Justice for man convicted because of his religious beliefs

Bayatyan v. Armenia  | 2011

Justice for man convicted because of his religious beliefs

I was at home when I learnt I was wanted.  I called them and they came and took me away

Vahan Bayatyan, quoted by - © Photo Watch Tower Bible and Tract Society of Pennsylvania 


Vahan Bayatyan is a Jehovah’s Witness. At age 18 he refused to do military service, on the grounds of his Christian beliefs. He asked to do civilian service instead.

The Armenian authorities prosecuted Mr Bayatyan, convicted him of draft evasion and sentenced him to two-and-a-half years’ imprisonment.

Judgment of the European Court of Human Rights

The Strasbourg court ruled that the Armenian authorities had failed to make any allowance for Mr Bayatyan’s deeply held beliefs, such as allowing him to carry out alternative civilian service. Instead, they imposed a heavy criminal sanction. This had violated Mr Bayatyan’s right to religious freedom.

Bayatyan in the European Court of Human Rights, November 24, 2010
© Photo Watch Tower Bible and Tract Society of Pennsylvania


Prior to the court’s judgment, a system of alternative service had been created in 2004. However, it operated under military control, and with very minimal allowances for conscientious objectors.

After the court’s judgment, the system was thoroughly revised in 2013.  It was put under civilian government control, and the authorities ended the prosecution of conscientious objectors who agreed to carry out civilian service. Those who had been imprisoned were released and had their criminal records erased.

At this time, Mr Bayatyan had already been released from prison. His conviction was removed from his criminal record.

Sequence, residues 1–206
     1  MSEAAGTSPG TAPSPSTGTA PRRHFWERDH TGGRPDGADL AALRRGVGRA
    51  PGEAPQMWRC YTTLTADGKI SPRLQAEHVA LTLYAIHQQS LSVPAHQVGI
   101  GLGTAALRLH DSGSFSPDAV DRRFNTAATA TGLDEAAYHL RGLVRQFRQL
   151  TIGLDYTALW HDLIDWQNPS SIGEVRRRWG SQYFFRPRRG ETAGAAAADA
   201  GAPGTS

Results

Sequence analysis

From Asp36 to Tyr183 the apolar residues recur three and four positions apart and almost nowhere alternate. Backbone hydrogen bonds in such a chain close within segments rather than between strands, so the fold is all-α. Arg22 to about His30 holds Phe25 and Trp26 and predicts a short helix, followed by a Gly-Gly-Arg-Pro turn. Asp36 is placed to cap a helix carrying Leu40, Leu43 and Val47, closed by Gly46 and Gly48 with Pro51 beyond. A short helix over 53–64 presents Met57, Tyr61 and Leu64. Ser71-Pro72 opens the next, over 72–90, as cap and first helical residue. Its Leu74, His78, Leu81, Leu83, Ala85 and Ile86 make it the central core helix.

Additional information

Bayatyan with his wife, Tsovinar, and son, Vahe
© Photo Watch Tower Bible and Tract Society of Pennsylvania

Related examples

Justice and reforms after airmen were given criminal convictions for their religious activities

Three Greek air force officers were members of the Pentecostal Church. They were all convicted for promoting their religion and given suspended prison sentences of over a year. The European court ruled that convicting the men for these conversations with civilians had violated their right to religious freedom. The Greek government took steps to ensure that no such prosecutions happened again.

Read more

Reforms made after mother lost custody of her children simply because of her religion

Ingrid Hoffmann was a Jehovah’s Witness. When she got divorced, a child psychologist advised that Ingrid should be given custody of her two children, because of their close emotional ties. However, a court ruled that the father should get custody, because of Ingrid’s religion. The European court ruled that this had been discriminatory – leading to changes to prevent the same happening again.

Read more

Airline worker wins fight for religious freedom

Nadia Eweida worked for British Airways (BA). She wore a small silver cross around her neck, as a sign of her religious faith. BA suspended Nadia from work without pay because her cross violated its uniform policy. The European Court of Human Rights ruled that this was an unreasonable interference with Nadia’s right to freedom of religion - leading to a change in relevant standards in the UK.

Read more

Protection for religious freedom after church banned from existence

The Metropolitan Church of Bessarabia is an Orthodox Christian Church. The Moldovan authorities refused to register it as a religious organisation, meaning that it could not own property and its members could not meet to practice their religion. The Strasbourg court ruled that the authorities’ refusal to recognise the church had been disproportionate. Substantial reforms were made to protect...

Read more

Reforms made after unreasonable punishment given to conscientious objector

Iakovos Thlimmenos was a Jehovah’s Witness. He refused to do military service on religious grounds, and was sentenced to four years’ imprisonment. Upon his release, he was also prevented from working as an accountant. The Strasbourg court ruled that this had been unreasonable and unjustified - amounting to discrimination based on religion. Laws were changed as a result.

Read more

Reforms to prevent government interference with religious organisations

In 1995 the Bulgarian government removed the elected Chief Mufti of Bulgarian Muslims and appointed a different leader. The Strasbourg court ruled that this had been arbitrary government interference with a religious organisation, which breached the right to religious freedom. A new law was passed to end government control over the registration of religious groups.

Read more